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...and toxic chemicals from the blood.

...and toxic chemicals from the blood

Biochemical engineers at the Massachusetts Institute of Technology is Cambridge have covalently bonded microscopic plastic beads to enzymes derived from microbes. In animal tests, blood filters containing the bead-bound enzymes efficiently and selectively broke down the chemicals against which they were targeted, reports Robert Langer, leader of the filtering systems' design team.

In tests with about 50 sheep, external blood filters containing the bacterial enzyme heparinase removed 99 percent of the anticoagulant drug heparin within about 15 minutes. In similar experiments using 20 rats with jaundice -- caused by a toxic buildup of bilirubin (a brain-damaging, yellow degradation product of hemoglobin) -- a bead-bound fungal enzyme harmlessly broke down all of the bilirubin in filtered blood.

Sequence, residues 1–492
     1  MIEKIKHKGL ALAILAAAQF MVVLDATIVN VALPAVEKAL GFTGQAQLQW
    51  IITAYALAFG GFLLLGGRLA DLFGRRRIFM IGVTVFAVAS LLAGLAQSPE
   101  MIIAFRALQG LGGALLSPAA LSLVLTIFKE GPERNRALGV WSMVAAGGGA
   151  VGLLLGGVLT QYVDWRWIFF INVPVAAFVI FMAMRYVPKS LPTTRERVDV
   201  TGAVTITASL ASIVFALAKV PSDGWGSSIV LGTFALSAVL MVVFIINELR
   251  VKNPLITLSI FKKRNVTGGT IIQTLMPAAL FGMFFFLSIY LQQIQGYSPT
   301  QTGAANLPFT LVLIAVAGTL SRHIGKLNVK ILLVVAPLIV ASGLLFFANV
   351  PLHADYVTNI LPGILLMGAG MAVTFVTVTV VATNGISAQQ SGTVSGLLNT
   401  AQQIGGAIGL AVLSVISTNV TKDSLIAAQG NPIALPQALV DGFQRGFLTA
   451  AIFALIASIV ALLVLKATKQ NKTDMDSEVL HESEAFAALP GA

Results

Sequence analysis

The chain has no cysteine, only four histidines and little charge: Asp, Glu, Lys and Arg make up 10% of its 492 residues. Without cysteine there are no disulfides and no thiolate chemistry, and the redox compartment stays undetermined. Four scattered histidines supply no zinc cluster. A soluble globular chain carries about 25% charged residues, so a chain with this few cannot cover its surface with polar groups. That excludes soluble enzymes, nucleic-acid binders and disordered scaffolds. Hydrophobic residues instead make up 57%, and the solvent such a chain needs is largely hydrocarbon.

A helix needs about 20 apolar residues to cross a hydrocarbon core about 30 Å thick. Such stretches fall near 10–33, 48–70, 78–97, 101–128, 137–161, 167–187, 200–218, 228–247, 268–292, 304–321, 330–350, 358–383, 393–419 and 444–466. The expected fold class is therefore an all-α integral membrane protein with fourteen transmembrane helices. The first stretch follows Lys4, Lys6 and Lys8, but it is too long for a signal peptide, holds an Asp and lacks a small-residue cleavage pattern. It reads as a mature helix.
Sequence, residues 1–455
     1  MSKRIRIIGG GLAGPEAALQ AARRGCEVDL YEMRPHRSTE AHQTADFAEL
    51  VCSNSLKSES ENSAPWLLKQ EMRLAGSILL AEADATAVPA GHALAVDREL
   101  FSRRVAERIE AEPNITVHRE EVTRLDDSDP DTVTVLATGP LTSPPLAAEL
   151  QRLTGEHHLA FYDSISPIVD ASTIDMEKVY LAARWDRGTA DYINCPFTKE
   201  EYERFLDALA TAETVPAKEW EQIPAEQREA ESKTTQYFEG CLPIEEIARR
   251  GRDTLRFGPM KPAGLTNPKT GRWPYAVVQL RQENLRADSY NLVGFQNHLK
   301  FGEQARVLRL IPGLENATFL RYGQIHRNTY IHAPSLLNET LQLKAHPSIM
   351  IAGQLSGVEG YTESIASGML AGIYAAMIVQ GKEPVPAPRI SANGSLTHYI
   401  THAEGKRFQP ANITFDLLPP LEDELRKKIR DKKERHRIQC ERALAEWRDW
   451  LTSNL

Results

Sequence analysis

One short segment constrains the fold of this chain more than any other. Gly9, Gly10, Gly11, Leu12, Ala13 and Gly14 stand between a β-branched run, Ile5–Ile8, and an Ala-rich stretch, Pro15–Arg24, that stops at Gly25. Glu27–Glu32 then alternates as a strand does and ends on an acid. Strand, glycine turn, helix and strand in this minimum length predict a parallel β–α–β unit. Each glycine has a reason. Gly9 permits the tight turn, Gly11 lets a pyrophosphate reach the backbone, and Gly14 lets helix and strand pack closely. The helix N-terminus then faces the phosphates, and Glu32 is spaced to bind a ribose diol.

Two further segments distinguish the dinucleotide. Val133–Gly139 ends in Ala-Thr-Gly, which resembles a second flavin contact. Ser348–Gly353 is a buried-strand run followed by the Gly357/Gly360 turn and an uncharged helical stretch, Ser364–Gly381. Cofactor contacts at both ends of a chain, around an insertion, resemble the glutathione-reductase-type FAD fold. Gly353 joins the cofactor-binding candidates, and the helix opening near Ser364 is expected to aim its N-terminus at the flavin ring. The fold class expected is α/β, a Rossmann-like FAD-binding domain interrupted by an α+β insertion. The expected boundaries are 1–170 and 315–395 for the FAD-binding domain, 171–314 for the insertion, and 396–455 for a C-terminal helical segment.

Blood sampled from treated animals showed that 50 percent of the toxic compound -- heparin or bilirubin -- still circulated in the body, perhaps the result of a replenishing from stored residues in tissues. The enzyme filtering was sufficient, however, to reduce body concentrations to nontoxic levels, Langer notes. He anticipates that heparinase treatment, now under consideration for commercial development, may eventually be used in patients undergoing open-heart surgery. He adds that a similar, quick external filtering of blood from severely jaundiced newborns -- perhaps through the umbilicus -- may one day eliminate their need for potentially dangerous blood transfusions.
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Title Annotation:Chemistry; report from the American Chemical Society's spring national meeting; microscopic plastic beads bonded to enzymes filter toxic chemicals from blood
Author:Amato, Ivan
Publication:Science News
Date:Apr 29, 1989
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